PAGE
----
Not even a full three quarters into his first regular-season game with the Pittsburgh Steelers, a knee injury interrupted LaRod Stephens-Howling’s dream of playing on the NFL team he followed during his formative years.
In the 41⁄2 months since he tore his ACL and had surgery on his right knee, Stephens-Howling has worked toward a NFL comeback.
The Greater Johnstown High School and University of Pittsburgh graduate has done his rehabilitation at the Steelers’ facilities. He also follows a program under the guidance of his own personal trainer.
“I’ve been feeling great. The rehabbing is going great,” said Stephens-Howling, who played four NFL seasons with the Arizona Cardinals before signing a one-year deal with the Steelers in April. “I feel like I’m real close to being 100 percent. They’re saying definitely by February.
“My focus is to take this time and not rush it. At the same time I’m excited to be able to get back on the field, get some cleats on and run around like I’ve been doing all of my life.”
When he’s deemed healthy enough to play, Stephens-Howling will enter the free agent market. He hopes to find a spot with the Steelers. If he doesn’t fit in the Steelers’ plans, Stephens-Howling must find a home in another organization.
“I’m with the Steelers until I’m cleared by a doctor to play,” he said. “I’d be a free agent again. I’d look around and see where I’d play next. My main focus, though, is to be 100 percent by the time summer comes.”
The Steelers’ running game struggled early in the 2013 season. The offensive line was plagued by injuries, including the loss of center Maurkice Pouncey, who, like Stephens-Howling, was lost for the season in the opener against the Tennessee Titans. Highly touted second-round draft pick Le’Veon Bell also missed time with a foot injury early in the season.
Stephens-Howling, who established himself as one of the league’s top kickoff return men and a capable back with the Cardinals, moved into a more prominent role after Steelers running back Isaac Redmon fumbled twice in the opening half against Tennessee. Stephens-Howling had six carries for 19 yards, caught two passes for 11 yards and had one kickoff return for 25 yards prior to the injury.
“It was a real exciting time to be playing my first regular season game – the games that count – in the black and gold,” said Stephens-Howling, who was slowed by a MCL strain in the same knee during the preseason. “Things happen.”
After the Sept. 8 game, Stephens-Howling joined family outside the Heinz Field locker room before heading to the hospital for a MRI.
“I didn’t know how bad the injury was when I got home,” Stephens-Howling said. “When I first heard the news it was a torn ACL and I was going to be done for the year, it hurt. It definitely hurt. It was a sad time. I talked to my parents, talked to my fiancee, talked to God. You have to deal with it and make sure you bounce back stronger. That’s been my focus.”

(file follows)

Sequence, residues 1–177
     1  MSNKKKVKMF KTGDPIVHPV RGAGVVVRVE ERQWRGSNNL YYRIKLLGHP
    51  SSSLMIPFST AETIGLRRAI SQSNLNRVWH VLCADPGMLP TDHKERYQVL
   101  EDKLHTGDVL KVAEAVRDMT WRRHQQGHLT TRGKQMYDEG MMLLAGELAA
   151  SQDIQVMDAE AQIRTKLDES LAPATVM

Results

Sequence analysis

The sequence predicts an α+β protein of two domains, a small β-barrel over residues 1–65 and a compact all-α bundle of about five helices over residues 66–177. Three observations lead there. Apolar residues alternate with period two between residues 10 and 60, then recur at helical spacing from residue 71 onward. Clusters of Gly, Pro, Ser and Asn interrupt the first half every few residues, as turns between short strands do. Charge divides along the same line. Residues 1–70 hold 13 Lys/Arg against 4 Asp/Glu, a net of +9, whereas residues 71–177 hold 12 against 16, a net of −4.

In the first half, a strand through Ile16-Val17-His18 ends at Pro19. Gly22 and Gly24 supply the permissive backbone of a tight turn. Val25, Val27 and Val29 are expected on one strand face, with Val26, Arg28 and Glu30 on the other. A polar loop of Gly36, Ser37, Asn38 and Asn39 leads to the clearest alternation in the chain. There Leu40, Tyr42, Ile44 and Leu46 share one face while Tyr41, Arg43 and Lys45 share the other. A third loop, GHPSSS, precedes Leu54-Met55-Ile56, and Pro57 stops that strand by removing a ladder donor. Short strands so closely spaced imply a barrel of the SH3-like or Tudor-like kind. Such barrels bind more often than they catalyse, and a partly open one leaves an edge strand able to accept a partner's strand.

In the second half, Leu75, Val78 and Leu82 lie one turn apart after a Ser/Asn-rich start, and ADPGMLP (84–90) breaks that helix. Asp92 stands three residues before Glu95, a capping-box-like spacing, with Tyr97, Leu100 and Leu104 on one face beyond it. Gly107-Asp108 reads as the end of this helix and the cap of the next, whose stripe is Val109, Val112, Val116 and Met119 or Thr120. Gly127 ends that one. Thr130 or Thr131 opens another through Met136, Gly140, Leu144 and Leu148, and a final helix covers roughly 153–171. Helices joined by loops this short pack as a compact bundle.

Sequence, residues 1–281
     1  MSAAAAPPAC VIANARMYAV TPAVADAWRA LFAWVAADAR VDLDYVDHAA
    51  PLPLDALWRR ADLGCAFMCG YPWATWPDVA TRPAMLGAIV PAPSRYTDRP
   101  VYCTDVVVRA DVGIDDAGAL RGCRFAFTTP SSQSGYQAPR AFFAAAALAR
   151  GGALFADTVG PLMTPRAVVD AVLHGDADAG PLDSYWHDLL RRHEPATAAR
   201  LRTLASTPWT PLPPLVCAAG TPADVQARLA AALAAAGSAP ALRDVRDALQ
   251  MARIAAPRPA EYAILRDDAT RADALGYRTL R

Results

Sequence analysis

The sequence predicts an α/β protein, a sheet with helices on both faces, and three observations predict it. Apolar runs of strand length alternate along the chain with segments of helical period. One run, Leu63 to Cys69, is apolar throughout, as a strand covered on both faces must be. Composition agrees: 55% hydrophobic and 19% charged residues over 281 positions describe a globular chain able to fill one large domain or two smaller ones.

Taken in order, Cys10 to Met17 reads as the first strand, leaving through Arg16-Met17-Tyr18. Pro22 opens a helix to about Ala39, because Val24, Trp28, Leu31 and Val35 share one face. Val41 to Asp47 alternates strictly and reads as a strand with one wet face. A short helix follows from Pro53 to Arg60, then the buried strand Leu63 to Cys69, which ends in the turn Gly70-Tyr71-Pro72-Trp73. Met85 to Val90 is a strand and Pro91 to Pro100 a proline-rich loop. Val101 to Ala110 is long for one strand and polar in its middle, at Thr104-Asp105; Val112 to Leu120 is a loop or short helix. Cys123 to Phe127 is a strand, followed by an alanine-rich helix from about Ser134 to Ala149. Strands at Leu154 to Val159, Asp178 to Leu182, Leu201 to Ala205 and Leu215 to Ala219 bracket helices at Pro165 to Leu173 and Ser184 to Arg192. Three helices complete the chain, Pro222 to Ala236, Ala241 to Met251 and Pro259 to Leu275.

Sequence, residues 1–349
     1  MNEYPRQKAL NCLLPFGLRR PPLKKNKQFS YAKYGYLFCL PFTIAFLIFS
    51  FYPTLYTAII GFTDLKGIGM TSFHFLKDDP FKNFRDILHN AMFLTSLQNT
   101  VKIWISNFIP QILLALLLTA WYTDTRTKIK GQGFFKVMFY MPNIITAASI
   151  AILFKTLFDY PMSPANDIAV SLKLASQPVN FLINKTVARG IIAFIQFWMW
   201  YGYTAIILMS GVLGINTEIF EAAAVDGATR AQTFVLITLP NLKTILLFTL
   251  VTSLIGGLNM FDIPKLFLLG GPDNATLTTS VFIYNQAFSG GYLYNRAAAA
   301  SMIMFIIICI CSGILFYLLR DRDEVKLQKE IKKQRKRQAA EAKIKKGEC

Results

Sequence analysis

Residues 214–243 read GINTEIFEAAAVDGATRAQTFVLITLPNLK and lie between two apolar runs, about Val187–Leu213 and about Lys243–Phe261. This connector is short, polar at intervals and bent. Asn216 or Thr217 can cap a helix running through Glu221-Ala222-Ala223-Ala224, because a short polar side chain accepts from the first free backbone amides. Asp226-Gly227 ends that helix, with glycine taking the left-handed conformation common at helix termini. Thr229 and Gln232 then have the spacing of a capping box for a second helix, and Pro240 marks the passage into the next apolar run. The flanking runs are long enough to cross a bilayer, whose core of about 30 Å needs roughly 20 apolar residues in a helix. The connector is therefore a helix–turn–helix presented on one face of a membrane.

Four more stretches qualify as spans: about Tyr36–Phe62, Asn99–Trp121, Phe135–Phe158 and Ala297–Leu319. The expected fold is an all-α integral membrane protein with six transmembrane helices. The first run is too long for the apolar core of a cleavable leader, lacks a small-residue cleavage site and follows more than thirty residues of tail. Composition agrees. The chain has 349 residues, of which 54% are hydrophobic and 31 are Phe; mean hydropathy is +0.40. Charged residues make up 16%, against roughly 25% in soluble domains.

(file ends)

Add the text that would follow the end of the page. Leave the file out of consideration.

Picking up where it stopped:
Beating the odds
Stephens-Howling has a reputation as a strong-willed competitor eager to put in the work and time to overcome odds.
At 5-foot-7, 185 pounds, his size frequently is called into question. Stephens-Howling didn’t let the doubters deter him during an all-state career at Johnstown High, four years as a key contributor at Pitt and through the challenges of four-plus NFL seasons.
He’ll be 28 this season. Stephens-Howling knows people will point to his age and also wonder if he’ll be able to cut and move as effectively as he did before the injury.
Bell emerged as a true feature back for the Steelers, rushing for 860 yards and breaking Franco Harris’ Pittsburgh rookie-record with 1,259 yards from scrimmage. The Steelers also relied on veteran Felix Jones and brought back Jonathan Dwyer after releasing him during training camp.
Long road back
Stephens-Howling prefers to focus on what he can control.
“After the surgery, they brought a machine to my house and I had to work my knee the very next day just to get it bending again so it wouldn’t stiffen up on me,” Stephens-Howling said. “There was no time to rest. I was back to work the next day. I (eventually) got rid of the crutches and the brace. The whole time I’ve been ahead of schedule. I feel pretty strong.
“I still do my rehab with the Steelers. I’m there all week. I do some extra things at a gym with my trainer. I feel the combination of the two is helping me get back as fast as I’ve been. One of my trainers told me my strength is back to where it needs to be to start playing football again and it hasn’t even been five months.”
Throughout the rehabilitation process, Stephens-Howling has had the support of his family and friends from Johnstown and Pittsburgh, where he currently resides.
“I’ve had a lot of people call me, text me and come to the house,” Stephens-Howling said. “It’s been great. Having an injury is never a good thing, but for me to be close to home has been a blessing. Just to have my family come out or to be able to drive to Johnstown is good. It was good to be able to be close to home.”
Mike Mastovich is a sports writer for The Tribune-Democrat. Follow him on Twitter at twitter.com/masty81.